Novel Agent Shows Promise for T1351 Positive Chronic Myeloid Leukemia

Roxanne Nelson

December 07, 2009

December 7, 2009 (New Orleans, Louisiana) — Tyrosine kinase inhibitors that target BCR-ABL mutations, such as imatinib (Gleevec), have become standard therapy in the treatment of chronic myeloid leukemia (CML). Although these agents have had a dramatic impact on survival, currently available tyrosine kinase inhibitors have not demonstrated activity in CML patients who harbor the Bcr-Abl T315I mutation.

There are currently no approved treatments for this small subset of patients, but a new therapeutic option might be on the horizon. According to data presented here at the American Society of Hematology 51st Annual Meeting, an experimental agent — omacetaxine (Omapro, ChemGenex) — is a potential treatment for CML that has a unique mechanism of action that is independent of tyrosine kinase inhibition.

Omacetaxine is a first-in-class cetaxine, and has demonstrated clinical activity as a single agent for a range of hematologic malignancies. It has a novel mechanism of action, in that it specifically binds to the ribosomal A-site cleft. This action inhibits the protein translation of short-lived oncoproteins that are upregulated in leukemic cells — in particular, Cyclin-D1, Mcl-1, and c-Myc. In January 2009, the US Food and Drug Administration granted orphan drug status to omacetaxine for the treatment of myelodysplastic syndromes.

This drug has shown durable hematologic and cytogenetic responses in CML, along with a tolerable safety profile, in a phase 2/3 study, reported lead author Jorge Cortes, MD, professor and deputy chair of the Department of Leukemia at the University of Texas M.D. Anderson Cancer Center in Houston.

New Drugs Needed

"There was interest in this agent at the time when interferon was the treatment of choice in CML," said Dr. Cortes. "However, imatinib came along and displaced everything else because its impact was so spectacular. Now there is a renewed interest in this agent."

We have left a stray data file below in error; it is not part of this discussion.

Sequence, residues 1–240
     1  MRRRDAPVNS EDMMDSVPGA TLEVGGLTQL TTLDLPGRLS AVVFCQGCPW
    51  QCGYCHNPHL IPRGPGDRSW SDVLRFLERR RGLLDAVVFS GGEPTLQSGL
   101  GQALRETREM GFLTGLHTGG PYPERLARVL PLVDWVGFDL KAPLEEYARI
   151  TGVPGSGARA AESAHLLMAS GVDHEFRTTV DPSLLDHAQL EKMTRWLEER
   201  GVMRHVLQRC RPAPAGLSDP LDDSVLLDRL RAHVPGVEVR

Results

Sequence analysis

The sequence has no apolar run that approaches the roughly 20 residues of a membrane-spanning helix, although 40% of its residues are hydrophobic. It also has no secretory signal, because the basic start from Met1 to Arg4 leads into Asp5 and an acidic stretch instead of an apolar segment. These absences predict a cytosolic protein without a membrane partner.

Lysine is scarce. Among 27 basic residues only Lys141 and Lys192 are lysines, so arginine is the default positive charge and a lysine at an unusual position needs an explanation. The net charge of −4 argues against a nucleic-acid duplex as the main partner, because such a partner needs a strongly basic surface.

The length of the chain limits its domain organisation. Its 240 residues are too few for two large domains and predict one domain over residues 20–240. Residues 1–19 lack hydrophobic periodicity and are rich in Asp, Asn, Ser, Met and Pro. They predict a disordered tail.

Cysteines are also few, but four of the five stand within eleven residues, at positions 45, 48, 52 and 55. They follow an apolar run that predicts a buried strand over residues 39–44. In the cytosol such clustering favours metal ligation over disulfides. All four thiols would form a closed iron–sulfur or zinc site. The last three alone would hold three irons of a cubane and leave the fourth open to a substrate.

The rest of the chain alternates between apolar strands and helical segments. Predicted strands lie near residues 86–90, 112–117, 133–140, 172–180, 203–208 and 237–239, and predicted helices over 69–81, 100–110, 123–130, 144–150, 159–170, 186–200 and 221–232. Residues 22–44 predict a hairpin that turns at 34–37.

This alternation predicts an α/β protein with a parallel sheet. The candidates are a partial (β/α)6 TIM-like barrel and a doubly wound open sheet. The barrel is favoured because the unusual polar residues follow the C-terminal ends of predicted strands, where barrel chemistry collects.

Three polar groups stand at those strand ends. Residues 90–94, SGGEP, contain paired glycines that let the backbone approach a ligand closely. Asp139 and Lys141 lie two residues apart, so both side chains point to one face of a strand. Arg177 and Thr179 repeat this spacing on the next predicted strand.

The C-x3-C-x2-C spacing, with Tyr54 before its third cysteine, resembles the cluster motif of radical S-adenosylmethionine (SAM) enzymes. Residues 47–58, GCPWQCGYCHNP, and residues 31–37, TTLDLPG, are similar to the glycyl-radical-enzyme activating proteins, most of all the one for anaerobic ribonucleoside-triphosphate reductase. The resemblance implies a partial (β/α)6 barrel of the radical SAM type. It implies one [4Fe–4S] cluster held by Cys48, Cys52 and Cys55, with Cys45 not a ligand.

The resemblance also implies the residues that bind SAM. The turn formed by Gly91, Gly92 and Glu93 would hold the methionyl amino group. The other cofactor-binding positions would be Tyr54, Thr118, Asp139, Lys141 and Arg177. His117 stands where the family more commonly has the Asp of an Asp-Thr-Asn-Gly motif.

Richard A. Larson, MD, professor of Medicine at the University of Chicago in Illinois, and moderator of the press briefing at which the results were presented, said that there will always be a need for new agents. "Resistance occurs in chemotherapy, the same as it does in antimicrobial therapy," he explained.

"We now have a better understanding of mutations," he said. "So there may be other drugs sitting on shelves that may turn out to be useful."

High Response Rate Observed

Dr. Cortes and colleagues evaluated the safety and efficacy of subcutaneously administered omacetaxine in 90 patients with imatinib-resistant T315I+ Philadelphia chromosome positive CML. All of the patients enrolled so far have failed treatment with imatinib and 79% have failed therapy with at least 1 other tyrosine kinase inhibitor — either dasatinib, nilotinib, or both.

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Dr. Jorge Cortes

Patients received 1.25 mg/m2 omacetaxine by subcutaneous injection twice daily for 14 days, every 28 days, until hematologic response. They then received omacetaxine 1.25 mg/m2 twice daily for 7 days, every 28 days, as maintenance therapy.

Data were available from 81 patients in the trial. Of this group, 49 were in the chronic phase, 17 were in the accelerated phase, and 15 were in the blast phase.

A complete hematologic response was seen in 86% (n = 42) of the chronic-phase patients, Dr. Cortes reported, and the median duration of that response was 9 months. A total cytogenetic response rate of 41% was observed in chronic-phase patients, with a major cytogenetic response rate of 27.5%. Nine of these patients achieved a complete response, and a reduction in the baseline T3151 clone was achieved in 57% of patients in this group. Median survival time has not yet been reached.

For accelerated-phase patients, 35% (n = 6) experienced hematologic responses, with 5 patients achieving a complete response and 1 returning to chronic phase. The median duration of the response was 7 months, and median survival was 18.8 months.

Among those in blast phase, 47% had an overall hematologic response, with 3 complete responses. There was median response duration of 2 months, and median survival was 2.1 months.

Treatment was well tolerated overall, explained Dr. Cortes. Grade 3/4 adverse events were experienced by 68% of the cohort, and these were primarily hematologic. The most commonly reported events were thrombocytopenia, anemia and neutropenia. Nonhematologic toxicities were uncommon, with primarily grade 1/2 with diarrhea, fatigue, pyrexia, nausea, and asthenia being the most frequently reported.

Omacetaxine might provide a treatment option for a patient population that currently has no approved drug therapies, Dr. Cortes concluded.

Dr. Cortes and several of his coauthors report a relationship with ChemGenex, the manufacturer of the drug.

American Society of Hematology (ASH) 51st Annual Meeting: Abstract 644. Presented December 6, 2009.


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